As of March 4th, 2020, the novel coronavirus (“COVID-19”) first detected in China has now been detected in almost 70 locations internationally, including the United States. Many of these locations have subsequently reported community spread of the illness by person-to-person contact, as opposed to earlier infections involving animal-to-person spread. While the severity of the illness remains unclear, current data indicates that nearly 3000 have died worldwide, while in the United States, 9 deaths have been confirmed.
In light of health risks to employees, as well as the potential for stigma and discrimination in the workplace, there are a number of steps employers should consider taking now to help mitigate the effects of the COVID-19 outbreak:
- The U.S. Centers for Disease Control and Prevention (“CDC”) recommends actively encouraging sick employees to stay home. This includes having sick employees notify their supervisors of illness; adopting “non-punitive” leave policies; refraining from requiring a healthcare provider’s note for employees who experience acute respiratory symptoms; and allowing employees to stay at home to care for sick family members.
- The CDC also recommends employers encourage their employees to engage in healthy hygienic practices, such as hand washing and cough-and-sneeze etiquette, in addition to staying home when sick. It notes that the best way to avoid the illness is to avoid being exposed to the virus. However, the CDC does not recommend any facilities disinfection beyond routine environmental cleaning at this time.
- Allow employees to work from home when possible, and should the situation worsen, consider making a work-at-home policy mandatory. Twitter has adopted a policy where it “would tailor practices to remote working but would keep offices open for employees who preferred to or needed to work at company premises, with the exception of Hong Kong, Japan and South Korea, where working from home was mandatory.”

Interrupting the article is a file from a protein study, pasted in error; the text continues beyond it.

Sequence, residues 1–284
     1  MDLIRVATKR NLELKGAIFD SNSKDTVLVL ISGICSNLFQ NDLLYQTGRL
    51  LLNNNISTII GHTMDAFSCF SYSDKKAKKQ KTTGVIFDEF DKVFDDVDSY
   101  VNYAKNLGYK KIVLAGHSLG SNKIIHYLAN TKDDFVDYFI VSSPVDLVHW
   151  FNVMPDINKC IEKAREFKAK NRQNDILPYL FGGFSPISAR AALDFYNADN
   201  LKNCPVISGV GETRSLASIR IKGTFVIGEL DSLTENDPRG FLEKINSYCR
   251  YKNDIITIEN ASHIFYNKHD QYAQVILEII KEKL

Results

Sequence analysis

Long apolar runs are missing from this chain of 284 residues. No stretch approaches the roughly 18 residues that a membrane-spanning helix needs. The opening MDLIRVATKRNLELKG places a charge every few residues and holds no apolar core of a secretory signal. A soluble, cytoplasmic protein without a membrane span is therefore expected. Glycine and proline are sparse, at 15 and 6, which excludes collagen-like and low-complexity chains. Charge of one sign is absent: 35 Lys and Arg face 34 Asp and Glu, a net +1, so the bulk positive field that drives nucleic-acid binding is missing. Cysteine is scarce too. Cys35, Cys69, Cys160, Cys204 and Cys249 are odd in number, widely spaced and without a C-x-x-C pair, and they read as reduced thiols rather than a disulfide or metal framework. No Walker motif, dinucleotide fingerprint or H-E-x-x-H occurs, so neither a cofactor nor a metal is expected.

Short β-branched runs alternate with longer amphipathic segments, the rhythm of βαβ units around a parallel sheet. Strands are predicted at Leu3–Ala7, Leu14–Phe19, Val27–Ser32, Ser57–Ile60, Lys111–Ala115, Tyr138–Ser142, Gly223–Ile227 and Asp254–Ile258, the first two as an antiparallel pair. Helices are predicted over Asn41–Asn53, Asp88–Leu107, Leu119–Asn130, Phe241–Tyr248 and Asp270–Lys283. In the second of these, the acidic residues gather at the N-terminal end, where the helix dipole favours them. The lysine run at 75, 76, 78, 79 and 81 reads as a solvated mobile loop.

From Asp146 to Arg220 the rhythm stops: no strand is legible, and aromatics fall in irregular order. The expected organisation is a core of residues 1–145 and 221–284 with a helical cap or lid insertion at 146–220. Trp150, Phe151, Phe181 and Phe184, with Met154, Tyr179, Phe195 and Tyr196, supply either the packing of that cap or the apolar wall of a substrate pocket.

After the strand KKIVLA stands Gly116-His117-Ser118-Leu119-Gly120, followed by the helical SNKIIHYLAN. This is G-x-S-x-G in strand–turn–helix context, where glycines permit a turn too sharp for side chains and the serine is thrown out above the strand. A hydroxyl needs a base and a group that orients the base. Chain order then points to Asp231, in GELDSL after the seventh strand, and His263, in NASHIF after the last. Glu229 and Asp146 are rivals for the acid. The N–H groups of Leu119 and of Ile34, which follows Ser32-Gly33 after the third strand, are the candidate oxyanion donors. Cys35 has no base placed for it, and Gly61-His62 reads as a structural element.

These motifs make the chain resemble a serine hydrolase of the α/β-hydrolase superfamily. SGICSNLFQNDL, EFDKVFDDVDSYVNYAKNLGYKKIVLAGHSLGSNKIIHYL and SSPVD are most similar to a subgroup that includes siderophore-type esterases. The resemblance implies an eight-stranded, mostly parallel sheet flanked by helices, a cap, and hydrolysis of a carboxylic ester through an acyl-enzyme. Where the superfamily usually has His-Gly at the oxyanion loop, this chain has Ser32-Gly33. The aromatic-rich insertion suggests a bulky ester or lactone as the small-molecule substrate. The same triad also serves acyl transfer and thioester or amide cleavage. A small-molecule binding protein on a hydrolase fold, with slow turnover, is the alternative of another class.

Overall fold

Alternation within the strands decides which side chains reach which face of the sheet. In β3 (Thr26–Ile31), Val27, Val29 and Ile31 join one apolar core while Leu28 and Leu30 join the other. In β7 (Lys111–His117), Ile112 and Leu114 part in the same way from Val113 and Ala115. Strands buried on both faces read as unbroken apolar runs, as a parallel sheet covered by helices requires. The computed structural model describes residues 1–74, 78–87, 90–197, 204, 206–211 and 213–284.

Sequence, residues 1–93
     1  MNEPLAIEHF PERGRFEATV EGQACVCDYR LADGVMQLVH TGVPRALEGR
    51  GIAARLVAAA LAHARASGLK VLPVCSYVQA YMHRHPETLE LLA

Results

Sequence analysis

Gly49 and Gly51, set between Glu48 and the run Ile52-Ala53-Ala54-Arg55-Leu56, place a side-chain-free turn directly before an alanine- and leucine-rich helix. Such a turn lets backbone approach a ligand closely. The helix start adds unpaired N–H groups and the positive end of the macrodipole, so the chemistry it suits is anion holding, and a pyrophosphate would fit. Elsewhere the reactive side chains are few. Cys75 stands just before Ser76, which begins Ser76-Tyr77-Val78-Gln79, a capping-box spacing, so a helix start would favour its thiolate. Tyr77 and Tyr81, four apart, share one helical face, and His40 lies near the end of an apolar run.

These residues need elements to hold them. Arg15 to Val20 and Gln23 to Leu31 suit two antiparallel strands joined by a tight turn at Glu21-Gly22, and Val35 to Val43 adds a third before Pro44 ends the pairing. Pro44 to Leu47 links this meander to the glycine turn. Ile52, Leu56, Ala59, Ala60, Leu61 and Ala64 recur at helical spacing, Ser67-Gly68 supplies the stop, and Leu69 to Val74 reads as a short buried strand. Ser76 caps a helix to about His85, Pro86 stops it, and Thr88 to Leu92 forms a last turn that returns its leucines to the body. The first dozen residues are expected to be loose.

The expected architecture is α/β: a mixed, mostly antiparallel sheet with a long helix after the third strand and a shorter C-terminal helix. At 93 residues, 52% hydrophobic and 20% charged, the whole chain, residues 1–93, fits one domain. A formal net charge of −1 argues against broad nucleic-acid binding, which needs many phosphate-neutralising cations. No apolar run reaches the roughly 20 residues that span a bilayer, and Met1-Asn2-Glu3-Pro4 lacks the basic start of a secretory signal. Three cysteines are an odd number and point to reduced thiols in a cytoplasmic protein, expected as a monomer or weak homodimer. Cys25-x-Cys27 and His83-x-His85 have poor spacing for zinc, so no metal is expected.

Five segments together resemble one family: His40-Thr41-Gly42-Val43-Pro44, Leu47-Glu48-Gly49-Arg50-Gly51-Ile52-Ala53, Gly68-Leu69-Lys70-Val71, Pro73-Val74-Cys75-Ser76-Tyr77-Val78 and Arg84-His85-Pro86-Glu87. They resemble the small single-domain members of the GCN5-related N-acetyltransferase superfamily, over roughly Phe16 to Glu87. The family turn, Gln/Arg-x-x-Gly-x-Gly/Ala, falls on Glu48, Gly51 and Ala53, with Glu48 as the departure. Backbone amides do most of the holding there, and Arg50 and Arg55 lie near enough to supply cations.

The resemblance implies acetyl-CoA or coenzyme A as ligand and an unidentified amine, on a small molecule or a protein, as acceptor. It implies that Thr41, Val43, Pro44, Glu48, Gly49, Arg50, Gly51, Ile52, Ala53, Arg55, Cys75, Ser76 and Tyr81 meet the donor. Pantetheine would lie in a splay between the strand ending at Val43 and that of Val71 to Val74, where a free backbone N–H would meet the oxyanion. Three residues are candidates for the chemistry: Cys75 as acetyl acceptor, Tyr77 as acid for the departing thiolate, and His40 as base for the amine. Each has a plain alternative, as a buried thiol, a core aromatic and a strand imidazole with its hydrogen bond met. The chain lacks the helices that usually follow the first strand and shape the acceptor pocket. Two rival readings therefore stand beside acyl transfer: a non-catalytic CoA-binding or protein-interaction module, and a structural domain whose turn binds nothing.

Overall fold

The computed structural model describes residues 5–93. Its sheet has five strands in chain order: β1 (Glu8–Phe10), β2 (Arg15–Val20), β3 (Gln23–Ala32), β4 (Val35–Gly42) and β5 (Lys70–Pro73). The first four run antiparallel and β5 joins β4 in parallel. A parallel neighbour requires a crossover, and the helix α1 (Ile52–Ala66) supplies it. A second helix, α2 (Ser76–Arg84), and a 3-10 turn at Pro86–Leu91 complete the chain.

- Consider limiting or barring non-essential work travel for your employees, particularly travel to regions that have experienced community spread of the illness. Consider limiting in-person contact with employees who have recently returned from locations where the outbreak has been more severe. The CDC recommends such restrictions last for at least two weeks.
- Create an Infectious-Disease Management Plan that addresses not just the current outbreak, but potential future outbreaks as well. According to the Society for Human Resource Management (“SHRM”), an effective plan should address such topics as: workplace safety precautions; employee travel restrictions; provisions for stranded travelers unable to return home; mandatory medical check-ups, vaccinations or medication; mandatory reporting of exposure; employee quarantine or isolation; and facility shutdown. A plan should include how to communicate with employees about staying away from work and working remotely when necessary.
- Limit in-person job interviews and consider conducting interviews by video conference. Limit on-site visits by guests to offices and facilities to only those necessary to conduct the business of the Company.
- Be reasonable in applying your policies, and work to accommodate the needs of your employees not only during the current outbreak, but also once the situation returns to normal. Focus on being responsive to employee questions and concerns and being flexible beyond your normal PTO/sick-leave policies.